The Reawakening (1919)
This live-action documentary short from the Ford Motor Company is quite different from the animated political cartoons we’ve seen from them in the past, but it still has a basically political message. In this case, it’s a positive one about re-integrating wounded veterans in the workforce and American society.
The movie consists of a series of documentary images tied together with intertitles. It begins with footage of an ambulance crew on the battlefield, loading a stretcher into their (no doubt Ford-built) vehicle. This is followed by several cards worth of “purple prose” about the heroics of the men and medics of wartime, and then we see soldiers with canes being disembarked from a train and climbing into another ambulance to be shuttled to a hospital. At the hospital, the footage emphasizes occupational therapy, a relatively new idea in which recuperating men are encouraged to perform tasks to restore their muscle strength and coordination, as well as in some cases re-training skills they might be able to put to use in paid work after discharge. We see them receiving physical therapy from nurses and doing gymnastics. We also see the production of artificial limbs. A soldier with a missing leg comes in to receive his and gives a little jump for joy on the way out the door.
As I indicated, however, much of the emphasis is showing wounded soldiers performing work-related tasks. A group of them at a woodshop table labor at drilling, sawing, and filing. We can see that the repetitive motion is similar to the gymnastics, but here the men are also working on projects that presumably give them a sense of purpose. We also see basket weaving skills put to use in weaving seats for rocking chairs. Although the men are working hard, they frequently smile and seem to joke with each other. Art therapy shows several wounded men, including one in a wheelchair, working on paintings. In another image, men are re-trained to write. I noticed that several were working with their left hands (usually discouraged at the time), although none was actually missing a right arm. Men are also shown learning typing, telegraphy, radio, auto repair, and other vocational skills. Most of the tasks involve sitting, though some are fairly strenuous and we get the sense that the injuries of these soldiers must be relatively minor (one has a cane and another crutches, but these may be temporary aids).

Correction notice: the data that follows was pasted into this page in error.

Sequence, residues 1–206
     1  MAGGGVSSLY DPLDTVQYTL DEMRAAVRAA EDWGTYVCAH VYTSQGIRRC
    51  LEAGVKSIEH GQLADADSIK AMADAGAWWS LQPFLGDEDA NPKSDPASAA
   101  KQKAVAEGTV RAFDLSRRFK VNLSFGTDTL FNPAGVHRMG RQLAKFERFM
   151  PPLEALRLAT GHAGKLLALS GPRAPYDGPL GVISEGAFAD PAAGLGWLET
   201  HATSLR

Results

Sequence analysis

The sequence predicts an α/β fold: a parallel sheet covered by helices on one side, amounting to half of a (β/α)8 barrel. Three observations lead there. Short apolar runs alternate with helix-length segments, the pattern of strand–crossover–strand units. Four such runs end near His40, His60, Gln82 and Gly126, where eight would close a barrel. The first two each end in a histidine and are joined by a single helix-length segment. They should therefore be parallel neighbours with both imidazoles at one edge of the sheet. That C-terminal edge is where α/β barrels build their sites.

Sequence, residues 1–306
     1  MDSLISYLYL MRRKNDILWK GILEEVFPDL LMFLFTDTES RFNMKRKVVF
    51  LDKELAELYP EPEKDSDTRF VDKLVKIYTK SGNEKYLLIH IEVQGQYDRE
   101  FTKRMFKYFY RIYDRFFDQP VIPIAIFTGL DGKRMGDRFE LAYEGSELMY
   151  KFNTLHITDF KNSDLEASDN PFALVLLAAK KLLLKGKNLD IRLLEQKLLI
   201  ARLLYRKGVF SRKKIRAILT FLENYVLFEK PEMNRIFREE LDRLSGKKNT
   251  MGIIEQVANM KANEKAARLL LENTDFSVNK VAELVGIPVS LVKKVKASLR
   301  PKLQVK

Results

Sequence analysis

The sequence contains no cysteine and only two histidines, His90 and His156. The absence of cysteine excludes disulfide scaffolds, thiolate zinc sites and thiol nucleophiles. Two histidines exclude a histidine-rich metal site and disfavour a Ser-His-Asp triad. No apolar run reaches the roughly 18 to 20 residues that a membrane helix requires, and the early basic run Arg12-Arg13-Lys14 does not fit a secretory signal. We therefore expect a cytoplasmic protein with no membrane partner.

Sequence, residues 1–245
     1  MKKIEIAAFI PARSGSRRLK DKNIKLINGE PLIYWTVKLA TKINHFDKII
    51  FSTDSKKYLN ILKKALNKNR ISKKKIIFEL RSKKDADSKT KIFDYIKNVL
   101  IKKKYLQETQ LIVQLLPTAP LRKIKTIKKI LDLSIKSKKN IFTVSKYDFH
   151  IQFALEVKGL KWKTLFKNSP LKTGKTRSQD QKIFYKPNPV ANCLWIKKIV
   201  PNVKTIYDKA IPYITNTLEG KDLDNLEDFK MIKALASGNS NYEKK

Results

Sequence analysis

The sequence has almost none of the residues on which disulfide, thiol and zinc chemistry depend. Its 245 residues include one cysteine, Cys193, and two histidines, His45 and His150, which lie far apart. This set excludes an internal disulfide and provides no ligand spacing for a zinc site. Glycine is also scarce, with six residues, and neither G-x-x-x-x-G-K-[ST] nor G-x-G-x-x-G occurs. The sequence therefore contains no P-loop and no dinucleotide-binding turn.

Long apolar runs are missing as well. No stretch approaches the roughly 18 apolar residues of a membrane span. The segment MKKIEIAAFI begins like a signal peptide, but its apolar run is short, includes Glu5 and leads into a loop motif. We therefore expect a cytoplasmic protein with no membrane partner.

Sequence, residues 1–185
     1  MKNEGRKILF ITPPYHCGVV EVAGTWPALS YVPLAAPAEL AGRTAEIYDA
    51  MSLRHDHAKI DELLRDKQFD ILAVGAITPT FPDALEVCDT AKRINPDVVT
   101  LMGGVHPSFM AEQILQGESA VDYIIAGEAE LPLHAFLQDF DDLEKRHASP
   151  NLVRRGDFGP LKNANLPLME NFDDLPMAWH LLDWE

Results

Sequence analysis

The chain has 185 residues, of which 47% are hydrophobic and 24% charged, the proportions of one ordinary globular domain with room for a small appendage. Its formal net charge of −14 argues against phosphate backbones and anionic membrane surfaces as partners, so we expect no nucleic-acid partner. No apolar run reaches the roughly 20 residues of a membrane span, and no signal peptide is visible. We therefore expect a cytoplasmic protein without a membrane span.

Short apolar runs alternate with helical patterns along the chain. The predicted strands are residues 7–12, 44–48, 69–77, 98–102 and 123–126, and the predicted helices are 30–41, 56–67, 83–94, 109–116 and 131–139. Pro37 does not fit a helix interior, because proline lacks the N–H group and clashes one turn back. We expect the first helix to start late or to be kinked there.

The next sequence shows us some of the entertainments available at the hospital, including a boxing match and a musical band. A fire drill demonstrates the concern for the safety of the men at the hospital, and then the purple prose reappears with a metaphor about new flowers and the growth of men during their convalescence. This is reinforced with a brief image of soldiers working in a greenhouse and time-lapse photography showing a flowering plant coming to life in fast-motion.
Having supported America’s entry into the First World War, Ford shows a sense of responsibility toward the men returning from that war. Although the United States’ involvement had been comparably brief (large scale active combat only from August to November, 1918), the brutal nature of trench warfare meant that a large number of men were returning with serious injuries – the most the nation had to deal with since the Civil War, over fifty years earlier. Nearly ten percent of those who saw active duty were classified as “wounded” and neither the government nor society were prepared for what was needed to assist them in rejoining civilian life. In an earlier time, men with missing legs or arms or other serious injuries would have had little hope of supporting themselves professionally, industrialization and modern medicine did offer more hope for a future for disabled war veterans. This movie documents the efforts of military doctors to quickly respond to the situation, and does so with a degree of respect and sympathy, even if at times the intimacy of seeing someone fitted with their new artificial leg, for example, seems somewhat intrusive. It’s an interesting document of early therapies that continue to be used and refined today.
Run Time: 11 Min
You can watch it for free: here.